Franz's son is now in the wholesale nursery business about 1/2 mile from my place. My son just scored me one of these things new still in the box that he has yet to deliver to me .......not sure what or which to put it on just yet.
     
  23. Thought I would bump up this thread. Im still using my Frantz oil cleaner. I use the John Wayne toilet paper. and none of the bad things the naysayers have predicted have occurred.
     
  24. porknbeaner
    Joined: Sep 12, 2003
    Posts: 40,994

    porknbeaner
    Member

    Well it will catch particles, but beware of the claims. Depending on when it was purchased it may suggest that you change the filter element but don't need to change the oil as often or at all as long as you keep the filtering element changed. They eventually changed the claims once they got sued a few times.

    If you keep your oil and filter changed on a regular basis you're golden and I don't recall the number but there actually is a filter cartridge that will fit the housing and it is a good idea to use one of those.
     
  25. Rusty O'Toole
    Joined: Sep 17, 2006
    Posts: 8,978

    Rusty O'Toole
    Member

    I did a lot of research on these (on the net) and came to the conclusion they are the real deal.

    What they do is depth filtration. The oil goes through the paper roll from end to end and it filters out practically all contaminants. All dirt, sludge, even water and acid is absorbed.

    But, it takes 15 minutes to half an hour for all the oil in your engine to go through.

    The modern full flow filters all the oil but it is a coarse filter. It lets the small stuff through. The theory is, small particles of dirt can go through your bearings and not wreck them. Maybe so, but they will cause wear over time.

    The Frantz is like a pool filter. It sucks in a small stream of water, filters it, and pours it back in the pool. But eventually it will clean up a pool full of scummy water and make it sparkling clean. A Frantz works the same way.

    The best answer is to have both, a standard filter to filter all the oil as it goes through the system, and a Frantz for depth filtration and sparkling clean oil.

    This is easy today because you can buy an adapter that goes between your stock filter and the engine. It is a bypass for an oil cooler but works just as well for a filter.

    One guy who has a Dodge Diesel truck, uses a Frantz filter and never changes his oil. Every 1000 miles he changes filters, tops up the oil and every 5000 miles, sends a sample to be tested. The report is always the same, the oil is clean and in perfect condition, with perhaps a trace of dissolved iron. Eventually they told him he was wasting his money getting his oil tested. At the rate he was going, he would need an oil change at 50,000 miles just to replenish the additives.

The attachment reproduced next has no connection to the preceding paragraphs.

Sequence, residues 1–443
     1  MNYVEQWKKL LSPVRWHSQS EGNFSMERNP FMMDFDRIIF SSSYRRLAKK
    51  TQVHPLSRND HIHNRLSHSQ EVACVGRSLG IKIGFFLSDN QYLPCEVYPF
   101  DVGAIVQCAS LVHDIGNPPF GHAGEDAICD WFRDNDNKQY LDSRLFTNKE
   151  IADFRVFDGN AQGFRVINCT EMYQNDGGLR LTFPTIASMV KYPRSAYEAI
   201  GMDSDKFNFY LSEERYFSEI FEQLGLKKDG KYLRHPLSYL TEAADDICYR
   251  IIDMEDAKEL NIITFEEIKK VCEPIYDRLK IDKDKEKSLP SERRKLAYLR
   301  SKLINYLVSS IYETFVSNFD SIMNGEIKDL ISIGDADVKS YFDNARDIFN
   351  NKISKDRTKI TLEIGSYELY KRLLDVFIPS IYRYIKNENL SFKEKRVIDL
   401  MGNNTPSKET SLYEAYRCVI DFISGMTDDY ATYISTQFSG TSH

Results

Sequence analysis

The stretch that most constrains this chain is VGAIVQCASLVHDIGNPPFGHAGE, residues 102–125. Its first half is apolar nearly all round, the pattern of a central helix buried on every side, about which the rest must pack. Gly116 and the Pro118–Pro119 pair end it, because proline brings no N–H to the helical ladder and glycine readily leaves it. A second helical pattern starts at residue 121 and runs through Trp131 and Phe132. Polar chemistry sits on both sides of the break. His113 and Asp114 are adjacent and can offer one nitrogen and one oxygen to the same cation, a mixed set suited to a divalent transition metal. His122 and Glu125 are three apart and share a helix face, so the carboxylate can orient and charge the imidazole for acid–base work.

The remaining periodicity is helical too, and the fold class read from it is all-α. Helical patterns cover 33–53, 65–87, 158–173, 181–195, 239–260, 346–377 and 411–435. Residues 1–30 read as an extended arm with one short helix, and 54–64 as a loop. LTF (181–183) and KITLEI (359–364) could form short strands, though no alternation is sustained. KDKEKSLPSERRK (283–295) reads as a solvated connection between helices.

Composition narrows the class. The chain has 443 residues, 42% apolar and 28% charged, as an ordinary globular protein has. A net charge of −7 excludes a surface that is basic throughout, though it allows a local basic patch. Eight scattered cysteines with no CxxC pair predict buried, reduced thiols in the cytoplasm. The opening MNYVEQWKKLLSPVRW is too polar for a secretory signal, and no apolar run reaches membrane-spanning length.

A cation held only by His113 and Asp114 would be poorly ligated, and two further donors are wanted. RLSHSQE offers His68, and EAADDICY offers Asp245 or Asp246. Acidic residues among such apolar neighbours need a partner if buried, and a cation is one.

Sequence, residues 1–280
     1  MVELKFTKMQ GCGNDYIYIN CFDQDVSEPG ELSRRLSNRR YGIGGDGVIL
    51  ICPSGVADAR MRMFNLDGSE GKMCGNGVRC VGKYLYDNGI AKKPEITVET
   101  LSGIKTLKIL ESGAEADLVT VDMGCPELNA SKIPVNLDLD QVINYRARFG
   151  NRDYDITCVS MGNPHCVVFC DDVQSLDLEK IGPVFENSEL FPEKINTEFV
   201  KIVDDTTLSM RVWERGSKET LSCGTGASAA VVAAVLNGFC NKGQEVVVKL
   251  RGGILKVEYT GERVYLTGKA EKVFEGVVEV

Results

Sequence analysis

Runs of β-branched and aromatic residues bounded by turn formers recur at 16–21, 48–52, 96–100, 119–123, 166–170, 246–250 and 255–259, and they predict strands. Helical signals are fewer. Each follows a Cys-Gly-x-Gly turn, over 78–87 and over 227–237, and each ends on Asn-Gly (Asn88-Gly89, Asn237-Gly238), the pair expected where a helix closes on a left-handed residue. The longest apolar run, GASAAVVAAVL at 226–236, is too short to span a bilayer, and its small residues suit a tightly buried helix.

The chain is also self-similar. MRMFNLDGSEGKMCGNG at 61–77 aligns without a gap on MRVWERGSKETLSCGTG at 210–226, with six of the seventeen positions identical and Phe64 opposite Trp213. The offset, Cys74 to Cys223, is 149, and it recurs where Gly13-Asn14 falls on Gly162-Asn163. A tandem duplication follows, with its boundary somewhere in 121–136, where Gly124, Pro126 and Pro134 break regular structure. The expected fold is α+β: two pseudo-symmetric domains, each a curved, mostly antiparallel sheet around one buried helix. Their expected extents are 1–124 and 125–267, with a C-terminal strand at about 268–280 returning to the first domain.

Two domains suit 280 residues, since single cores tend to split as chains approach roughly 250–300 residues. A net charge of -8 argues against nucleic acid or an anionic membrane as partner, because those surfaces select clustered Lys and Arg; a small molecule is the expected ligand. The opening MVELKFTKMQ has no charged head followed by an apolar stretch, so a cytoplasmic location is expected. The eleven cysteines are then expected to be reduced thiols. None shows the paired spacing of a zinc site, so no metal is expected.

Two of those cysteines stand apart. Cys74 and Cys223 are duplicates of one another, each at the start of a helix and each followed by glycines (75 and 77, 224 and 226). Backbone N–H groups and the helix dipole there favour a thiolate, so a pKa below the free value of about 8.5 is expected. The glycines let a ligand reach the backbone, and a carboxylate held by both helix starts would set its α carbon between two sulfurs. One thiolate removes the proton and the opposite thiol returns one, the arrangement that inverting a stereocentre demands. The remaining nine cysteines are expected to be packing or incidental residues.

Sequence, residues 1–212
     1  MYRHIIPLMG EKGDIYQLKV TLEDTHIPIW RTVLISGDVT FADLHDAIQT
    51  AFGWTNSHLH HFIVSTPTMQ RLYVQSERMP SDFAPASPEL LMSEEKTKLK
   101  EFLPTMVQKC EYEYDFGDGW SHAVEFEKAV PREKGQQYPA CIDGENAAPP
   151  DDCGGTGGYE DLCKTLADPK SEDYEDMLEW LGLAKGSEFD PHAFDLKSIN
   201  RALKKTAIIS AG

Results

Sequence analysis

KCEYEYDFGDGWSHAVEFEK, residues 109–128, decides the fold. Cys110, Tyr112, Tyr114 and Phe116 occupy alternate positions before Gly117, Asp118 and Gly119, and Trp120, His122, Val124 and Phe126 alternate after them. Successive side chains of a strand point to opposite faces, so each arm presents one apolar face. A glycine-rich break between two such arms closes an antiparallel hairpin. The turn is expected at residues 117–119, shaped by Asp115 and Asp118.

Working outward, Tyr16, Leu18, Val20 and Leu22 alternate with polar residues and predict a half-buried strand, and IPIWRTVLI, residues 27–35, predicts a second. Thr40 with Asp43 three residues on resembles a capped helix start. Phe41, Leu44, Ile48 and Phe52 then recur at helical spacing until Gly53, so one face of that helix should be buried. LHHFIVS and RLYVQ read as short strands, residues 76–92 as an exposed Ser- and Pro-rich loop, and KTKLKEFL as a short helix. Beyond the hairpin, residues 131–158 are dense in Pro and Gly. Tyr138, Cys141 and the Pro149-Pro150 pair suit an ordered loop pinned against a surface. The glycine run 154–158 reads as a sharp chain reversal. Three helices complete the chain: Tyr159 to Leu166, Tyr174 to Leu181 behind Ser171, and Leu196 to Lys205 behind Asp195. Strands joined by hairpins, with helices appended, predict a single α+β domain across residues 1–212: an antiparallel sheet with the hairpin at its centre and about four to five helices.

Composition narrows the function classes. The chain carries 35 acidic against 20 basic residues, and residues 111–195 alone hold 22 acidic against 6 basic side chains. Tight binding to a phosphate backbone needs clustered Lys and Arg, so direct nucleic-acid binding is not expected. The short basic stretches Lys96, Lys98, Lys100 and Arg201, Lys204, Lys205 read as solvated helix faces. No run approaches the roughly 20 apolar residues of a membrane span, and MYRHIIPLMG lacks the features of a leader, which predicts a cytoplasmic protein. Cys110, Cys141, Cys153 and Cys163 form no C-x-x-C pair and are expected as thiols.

There are over the road diesel rigs that have gone 500,000 to 1,000,000 miles without changing oil, using a larger version of the same filter, that holds a roll of paper towels.

    And, it it true that the cheaper paper works better. You want Chuck Norris toilet paper - rough, tough, and doesn't take shit off anybody.
     
    Last edited: Jan 29, 2015
  26. Rusty O'Toole
    Joined: Sep 17, 2006
    Posts: 8,978

    Rusty O'Toole
    Member

    Every time you change the filter you must top up the oil. Because the paper absorbs a certain amount of oil.

    This means the additives are being replenished at every change. The oil never wears out but the additives do. You can change oil every 50,000 or 100,000 miles just to make sure the additives are ok.
     
  27. Rusty O'Toole
    Joined: Sep 17, 2006
    Posts: 8,978

    Rusty O'Toole
    Member

    I could also point out that at one time ALL oil filters were depth filtration, bypass filters like the Frantz. All car makers used them for 15 or 20 years. The full flow filters came in about the same time as hydraulic lifters. The engineers knew depth filtration is better, but one speck of dirt can plug up a hydraulic lifter. So they changed to a full flow filter to catch that speck of dirt, and let all the finer dirt go through.

    Studebaker used the bypass filter on all their engines until the early sixties. This means that for the first 10 years all their V8s had bypass filters. Today Studebaker fans will pay a premium for the later model engine with full flow filter. But a Studebaker expert who has rebuild dozens of them, says they are wasting their money. He has torn down and examined nearly 100 of them and there is NO difference in wear between the bypass and full flow filter.
     
  28. Rusty O'Toole
    Joined: Sep 17, 2006
    Posts: 8,978

    Rusty O'Toole
    Member

    After saying all that, a Frantz filter is a waste of money for the average motorist because the engine will last as long as he owns the car anyway.

    If you are planning on keeping your car forever and running up 200,000 300,000 miles or more, or have a diesel or other engine that requires frequent and expensive oil changes, the Frantz is a good investment.
     
  29. exactly even Chevrolet did that. In 55the 265 didn't have a filter provision on the block. They where all solid lifter engines. they had a optional bypass canister filter. in 56 the 265 had hyd lifters and a full flow filter. You could get hyd lifters on a 235 and they where troublesome.I change my oil and both filters the original and the Frantz every 5000 miles and the oil always appears clean. The huge luberfinder auxallary filters used on diesels do the same thing as a Frantz toilet paper filter does.
     
  30. I bought mine at a auction for a few dollars. I was skeptical however I installed it on a 250 chev engine in my wrecker. that engine had a lifter that rattled when the oil got a couple thousand miles on it. after using the Frantz it quit pecking. What you do is remove the filer and put it on the replacement vehicle.